Scraping search APIs - Depth first style

Table of contents :


More and more web applications are divided into two parts. A frontend displaying the data to the user, and a backend in the form of an API sending this data. Today we’re going to take a look at these backend APIs and see how to extract database content optimally.

During a pentest or a redteam, it is very interesting to know the list of users of an application (to obtain access with weak passwords for example). This list can also be a subset or all of the company’s Windows domain accounts. During the test, you may have found an application with a functionality to search for a user in the directory.

This is a promising entry point for building a user list, but the API limits the response to the first 100 results. So how do you do it?

Test application

I have prepared a test web application for you to use with this article (download the source).

Launch of the application

To start the application, you have to install the necessary python packages with pip:

python3 -m pip install -r requirements.txt

Once the packages are installed, you can launch the application with the following command:


The web application is then accessible at

This application allows you to search for a user in the company directory. It will only returns the first 100 results.

Generating a random dataset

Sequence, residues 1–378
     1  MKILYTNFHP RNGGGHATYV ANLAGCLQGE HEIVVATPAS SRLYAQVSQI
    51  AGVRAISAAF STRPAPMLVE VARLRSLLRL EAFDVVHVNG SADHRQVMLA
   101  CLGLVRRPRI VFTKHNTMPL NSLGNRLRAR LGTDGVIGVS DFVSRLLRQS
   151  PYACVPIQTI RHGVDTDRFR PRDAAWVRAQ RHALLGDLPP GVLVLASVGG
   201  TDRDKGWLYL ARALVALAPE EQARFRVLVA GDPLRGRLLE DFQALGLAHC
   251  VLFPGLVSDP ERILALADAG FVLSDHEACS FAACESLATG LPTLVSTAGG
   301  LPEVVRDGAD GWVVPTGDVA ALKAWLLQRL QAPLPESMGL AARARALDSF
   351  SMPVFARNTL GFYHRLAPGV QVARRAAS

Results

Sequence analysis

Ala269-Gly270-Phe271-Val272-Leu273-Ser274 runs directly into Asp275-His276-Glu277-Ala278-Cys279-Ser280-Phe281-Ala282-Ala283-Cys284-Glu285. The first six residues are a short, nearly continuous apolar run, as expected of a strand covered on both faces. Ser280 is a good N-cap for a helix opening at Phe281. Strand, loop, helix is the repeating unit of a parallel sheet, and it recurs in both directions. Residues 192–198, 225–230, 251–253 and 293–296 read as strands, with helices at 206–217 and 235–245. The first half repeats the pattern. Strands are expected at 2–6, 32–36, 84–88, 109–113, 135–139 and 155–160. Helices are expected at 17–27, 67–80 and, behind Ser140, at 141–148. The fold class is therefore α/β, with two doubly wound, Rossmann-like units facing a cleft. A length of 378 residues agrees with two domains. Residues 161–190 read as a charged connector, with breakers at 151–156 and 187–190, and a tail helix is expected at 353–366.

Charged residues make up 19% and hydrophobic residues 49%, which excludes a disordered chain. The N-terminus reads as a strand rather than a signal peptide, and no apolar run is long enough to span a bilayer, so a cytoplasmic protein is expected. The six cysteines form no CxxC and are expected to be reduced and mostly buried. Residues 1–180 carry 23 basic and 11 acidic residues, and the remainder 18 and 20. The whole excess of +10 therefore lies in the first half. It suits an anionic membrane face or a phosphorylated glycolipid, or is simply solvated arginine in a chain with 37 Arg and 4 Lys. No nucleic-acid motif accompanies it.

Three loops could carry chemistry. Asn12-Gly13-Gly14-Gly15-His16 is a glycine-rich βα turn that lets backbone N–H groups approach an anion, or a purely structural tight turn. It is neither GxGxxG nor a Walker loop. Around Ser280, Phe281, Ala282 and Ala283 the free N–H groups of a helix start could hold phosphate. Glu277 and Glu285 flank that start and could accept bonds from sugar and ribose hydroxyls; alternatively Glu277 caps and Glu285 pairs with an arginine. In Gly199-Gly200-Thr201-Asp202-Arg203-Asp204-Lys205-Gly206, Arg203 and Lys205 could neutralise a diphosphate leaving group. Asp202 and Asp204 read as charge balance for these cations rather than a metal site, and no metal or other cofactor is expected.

If you want, you can use the script to generate a random dataset (last name, first name, username, age) to populate the API database.

$ ./ -h
usage: [-h] [-f FILE] [-n NUMBER] [-v]

Description message

optional arguments:
  -h, --help            show this help message and exit
  -f FILE, --file FILE  arg1 help message
  -n NUMBER, --number NUMBER
                        Number of entries to generate
  -v, --verbose         Verbose mode

Quickly extract data from the API

In the test application, search requests are sent to the url /api/search/<query>. This URL returns the result of the query as a JSON containing message field and a results list containing the search results like this:

  "message": "2 results.",
  "results": [
      "id": 1616,
      "age": 23,
      "firstname": "Abigail",
      "lastname": "Sanchez",
      "username": "abigail.sanchez"
      "id": 1990,
      "age": 45,
      "firstname": "Abdul",
      "lastname": "Hays",
      "username": "abdul.hays"

The fastest way to extract all the data from the API is to perform a depth first search.

We will iterate through the API using a depth first search to extract the entire database. When we send a request to the API we can have two types of responses:

  • More than 100 results: The answer is truncated to the first 100 results.
  • Less than 100 results: We have all the data of the response to the query.

In the second case, we are certain to have all the response data for the request if the number of results is less than the limit set by the API (in the example application this limit is 100 results).

From these observations, we can create a simple decision tree:

  • Send a request to the API:
    • If Number of results >= 100: Refine the query.
    • Otherwise Number of results <100: Store the results and go to the next query.

Here is an animation showing the path of the API graph and the number of request results:

We now have to write a script allowing to perform this depth first search on the API and store the results.

Final result

Once the script is finished, we can extract the 20,000 users in 4min 45seconds without prior knowledge on usernames.